In a recent landmark ruling, India's Supreme Court followed the lead of 22 Muslim countries -- including Pakistan and Bangladesh -- by outlawing the Islamic practice according to which a husband is able to divorce his wife instantly by uttering the word talaq (Arabic for "divorce") three times -- including by text or voice mail. The decision was not unanimous. A minority of the judges argued that banning "triple talaq" would be a violation of the Indian constitution, which protects religious freedom.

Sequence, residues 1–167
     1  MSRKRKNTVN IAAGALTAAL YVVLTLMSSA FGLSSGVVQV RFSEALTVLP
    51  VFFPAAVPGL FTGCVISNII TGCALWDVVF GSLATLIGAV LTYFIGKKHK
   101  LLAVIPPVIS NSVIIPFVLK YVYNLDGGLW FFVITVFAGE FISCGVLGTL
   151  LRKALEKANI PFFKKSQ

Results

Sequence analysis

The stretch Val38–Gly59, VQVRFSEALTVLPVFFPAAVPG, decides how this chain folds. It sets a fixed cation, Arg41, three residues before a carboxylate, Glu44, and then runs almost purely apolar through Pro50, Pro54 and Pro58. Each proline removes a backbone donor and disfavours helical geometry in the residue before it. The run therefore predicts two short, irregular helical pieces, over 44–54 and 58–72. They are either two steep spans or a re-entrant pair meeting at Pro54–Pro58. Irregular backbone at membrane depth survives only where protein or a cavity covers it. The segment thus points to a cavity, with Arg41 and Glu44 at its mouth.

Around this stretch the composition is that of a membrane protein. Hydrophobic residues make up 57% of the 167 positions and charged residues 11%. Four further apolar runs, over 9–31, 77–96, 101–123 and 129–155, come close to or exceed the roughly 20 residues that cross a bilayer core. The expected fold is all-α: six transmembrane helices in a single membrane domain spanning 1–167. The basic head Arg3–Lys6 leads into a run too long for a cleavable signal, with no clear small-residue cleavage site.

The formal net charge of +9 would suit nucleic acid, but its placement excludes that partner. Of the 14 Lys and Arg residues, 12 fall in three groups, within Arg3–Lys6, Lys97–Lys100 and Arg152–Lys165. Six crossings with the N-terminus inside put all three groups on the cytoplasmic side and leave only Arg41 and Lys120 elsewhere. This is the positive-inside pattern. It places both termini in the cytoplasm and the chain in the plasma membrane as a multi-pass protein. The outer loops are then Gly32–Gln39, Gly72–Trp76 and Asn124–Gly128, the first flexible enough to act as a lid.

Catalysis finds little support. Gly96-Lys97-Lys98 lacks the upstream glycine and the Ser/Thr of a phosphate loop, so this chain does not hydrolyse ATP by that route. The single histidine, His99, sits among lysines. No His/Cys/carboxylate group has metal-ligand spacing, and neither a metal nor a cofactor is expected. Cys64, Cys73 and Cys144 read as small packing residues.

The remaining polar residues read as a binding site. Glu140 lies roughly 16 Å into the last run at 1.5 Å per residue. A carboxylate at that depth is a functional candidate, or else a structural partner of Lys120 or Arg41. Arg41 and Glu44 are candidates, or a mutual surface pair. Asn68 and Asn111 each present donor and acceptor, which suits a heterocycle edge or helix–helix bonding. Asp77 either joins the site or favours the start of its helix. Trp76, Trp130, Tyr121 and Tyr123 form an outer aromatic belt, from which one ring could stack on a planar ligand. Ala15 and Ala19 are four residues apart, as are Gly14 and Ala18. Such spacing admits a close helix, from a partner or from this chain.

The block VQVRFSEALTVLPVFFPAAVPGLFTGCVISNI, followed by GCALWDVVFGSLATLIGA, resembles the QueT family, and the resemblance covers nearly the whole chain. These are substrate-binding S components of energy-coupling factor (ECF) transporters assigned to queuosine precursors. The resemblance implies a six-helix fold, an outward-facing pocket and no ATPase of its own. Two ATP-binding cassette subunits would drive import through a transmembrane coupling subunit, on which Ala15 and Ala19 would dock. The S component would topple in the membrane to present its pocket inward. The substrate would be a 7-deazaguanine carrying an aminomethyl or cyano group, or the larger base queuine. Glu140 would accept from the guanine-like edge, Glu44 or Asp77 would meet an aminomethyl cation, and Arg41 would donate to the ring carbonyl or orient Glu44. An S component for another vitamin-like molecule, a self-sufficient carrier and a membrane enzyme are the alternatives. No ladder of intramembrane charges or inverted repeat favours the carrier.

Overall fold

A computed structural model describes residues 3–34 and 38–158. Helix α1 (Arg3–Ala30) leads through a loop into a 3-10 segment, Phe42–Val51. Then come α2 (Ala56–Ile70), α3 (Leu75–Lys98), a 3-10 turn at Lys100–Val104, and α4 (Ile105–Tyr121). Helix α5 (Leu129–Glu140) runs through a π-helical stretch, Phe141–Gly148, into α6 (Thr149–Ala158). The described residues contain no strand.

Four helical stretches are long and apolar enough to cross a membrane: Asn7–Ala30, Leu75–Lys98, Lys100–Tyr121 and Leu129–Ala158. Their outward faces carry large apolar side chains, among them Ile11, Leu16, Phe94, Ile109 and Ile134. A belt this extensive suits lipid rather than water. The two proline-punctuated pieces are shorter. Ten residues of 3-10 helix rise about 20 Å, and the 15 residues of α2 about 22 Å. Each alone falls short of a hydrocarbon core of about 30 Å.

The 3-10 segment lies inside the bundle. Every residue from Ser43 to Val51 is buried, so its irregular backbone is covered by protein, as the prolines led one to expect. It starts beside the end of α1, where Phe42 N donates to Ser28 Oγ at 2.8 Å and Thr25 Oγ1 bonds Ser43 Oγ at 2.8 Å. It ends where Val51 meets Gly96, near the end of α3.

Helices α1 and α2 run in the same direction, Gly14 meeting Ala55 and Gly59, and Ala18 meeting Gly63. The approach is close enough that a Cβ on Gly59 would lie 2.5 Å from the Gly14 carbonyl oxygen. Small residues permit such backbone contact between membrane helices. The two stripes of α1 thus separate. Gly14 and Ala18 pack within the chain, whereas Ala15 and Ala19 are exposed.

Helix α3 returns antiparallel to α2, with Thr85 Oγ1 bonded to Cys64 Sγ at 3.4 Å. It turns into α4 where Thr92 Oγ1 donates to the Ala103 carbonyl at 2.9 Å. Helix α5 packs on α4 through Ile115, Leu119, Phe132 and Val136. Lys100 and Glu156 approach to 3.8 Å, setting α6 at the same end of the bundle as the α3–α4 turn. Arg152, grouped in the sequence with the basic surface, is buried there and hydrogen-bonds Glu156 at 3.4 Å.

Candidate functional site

The verdict was the result of a petition filed by five Muslim women whose "triple talaq" divorces left them destitute, all because of undue powers bestowed upon their husbands by radical clerics. The verdict was an enormous relief to them, and other women like them across India. Its broader message, however, needs to serve as a road map. And a warning. In the West, the supposed dangers of multiculturalism are still regarded as more important than human rights.